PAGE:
I was looking through a list of demos on Steam when I came across Ever Forward by Pathea Games. It had a minimal visual style that I just love seeing, with the added bonus of being a puzzle game. Seeing as the game releases on August 13, I thought it would be a good time to play the demo.
Ever Forward tells a thought-provoking story with multiple interpretations (going as far as the demo would take me, anyway). I think the game hits a sweet spot between minimalistic design and worldbuilding that is hard to come by. It’s a quiet, lonely game—but not empty.
A Dream-Like Beginning
The demo starts with a relaxing beach setting. A girl in a plain white dress appears in the distance as the camera zooms to her eyes and shifts to her perspective. She's eyeing the beach and the distant trees.
Then, the screen buzzes, and visual glitches start to appear in her eyes as data fills the screen. On my next blink, a strange, black and red ooze in the shape of a tree root pops up in front of me. It is pulsing red and with a single dainty bonsai tree inside of it. It was at this point that I knew Ever Forward would be telling its story with subtlety, and I would only be given small pieces of a bigger picture. But the start of the game filled me with so much curiosity that I just had to ask—what would learning the whole story cost me?
The game answered in kind. I was teleported as soon as I approached the “corrupted” area of the beach—sent into an alien, unfamiliar and cold world. It lacked color or any natural objects, save for a few trees growing out of the stone-like structures. I wondered about its connection to the computerized screen that had flashed beforehand. The objective that lay ahead (and for many more rooms to come) was simple: solve the puzzle, move forward.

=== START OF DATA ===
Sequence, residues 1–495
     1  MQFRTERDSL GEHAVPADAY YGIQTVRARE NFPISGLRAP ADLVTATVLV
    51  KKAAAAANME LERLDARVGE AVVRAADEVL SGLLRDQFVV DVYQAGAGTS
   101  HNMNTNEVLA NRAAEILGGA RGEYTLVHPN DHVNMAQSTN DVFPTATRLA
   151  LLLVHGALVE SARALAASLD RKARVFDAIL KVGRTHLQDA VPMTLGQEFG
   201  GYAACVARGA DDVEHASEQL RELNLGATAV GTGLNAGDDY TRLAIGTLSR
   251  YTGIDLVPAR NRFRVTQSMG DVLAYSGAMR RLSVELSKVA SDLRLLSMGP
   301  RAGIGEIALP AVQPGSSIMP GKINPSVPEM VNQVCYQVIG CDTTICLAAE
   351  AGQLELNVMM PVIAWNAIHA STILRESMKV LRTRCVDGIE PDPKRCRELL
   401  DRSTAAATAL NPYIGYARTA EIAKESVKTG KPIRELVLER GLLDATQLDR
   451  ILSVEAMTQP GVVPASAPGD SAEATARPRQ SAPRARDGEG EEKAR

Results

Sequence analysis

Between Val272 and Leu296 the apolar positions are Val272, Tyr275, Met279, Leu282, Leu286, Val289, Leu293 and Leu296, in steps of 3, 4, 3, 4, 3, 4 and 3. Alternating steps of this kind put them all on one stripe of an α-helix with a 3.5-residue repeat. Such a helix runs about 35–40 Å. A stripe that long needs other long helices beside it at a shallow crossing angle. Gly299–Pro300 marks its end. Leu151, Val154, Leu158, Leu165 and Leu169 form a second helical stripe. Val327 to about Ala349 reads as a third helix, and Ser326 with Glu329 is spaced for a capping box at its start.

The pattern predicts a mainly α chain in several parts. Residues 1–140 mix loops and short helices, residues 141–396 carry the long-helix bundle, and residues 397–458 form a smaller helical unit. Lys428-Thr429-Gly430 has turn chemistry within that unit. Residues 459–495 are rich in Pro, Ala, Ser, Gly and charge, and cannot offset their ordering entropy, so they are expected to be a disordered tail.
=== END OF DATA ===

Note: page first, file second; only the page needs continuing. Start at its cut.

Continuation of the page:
The game introduces its main challenge: avoiding robotic sentinels called Roundy-Bots and solving button puzzles with increasing difficulty. However, the developers don’t just leave you at the mercy of the mysterious machines. Each mechanic is slowly introduced over time, giving players time to feel comfortable with the controls. For example, one puzzle may teach the player how to distract one of the Roundy-Bots with sound by throwing a box, while the next puzzle tests the player’s ability to do so under time pressure. The final puzzle of that set might challenge the player to distract a Roundy-Bot while dealing with a gate puzzle.
As a puzzle game, the developers crafted a sense of natural difficulty progression with a sensible level design meant to reward players for clever thinking. Although it sounds like a simple concept not at all unfamiliar to those who play puzzle games, Ever Forward still provided a few head-scratchers. There isn’t just one way to solve each puzzle, and I had a few “aha!” moments as I started applying the newly learned game mechanics to the puzzles that lay ahead.
As fun as the beginner puzzles were, what really kept me going through them was having the chance to learn more about the main character, the world, and the relationship between them. After a handful of puzzles, I was finally given more of the story.
Crafting A Bleak Future
Ever Forward’s plot is crafted through memories supplied by a girl named Maya. She has a busy mother named Ann who works at the National Science Lab and seems to be working on some sort of critical technology.
During the first cutscene after the first round of puzzles, the player wakes up in a bedroom, staring at glow-in-the-dark stars on the ceiling. Maya, the girl who I’ve been playing as from the start, is called outside by her mother, Ann. She says that she fixed Maya’s swing for her, and Maya rushes outside to see it. However, they are interrupted by a call from the National Science Lab meant for Ann, who presumably has been called into work. She tells Maya, “I know you’ll be fine without me,” a message that would be later repeated in multiple cutscenes.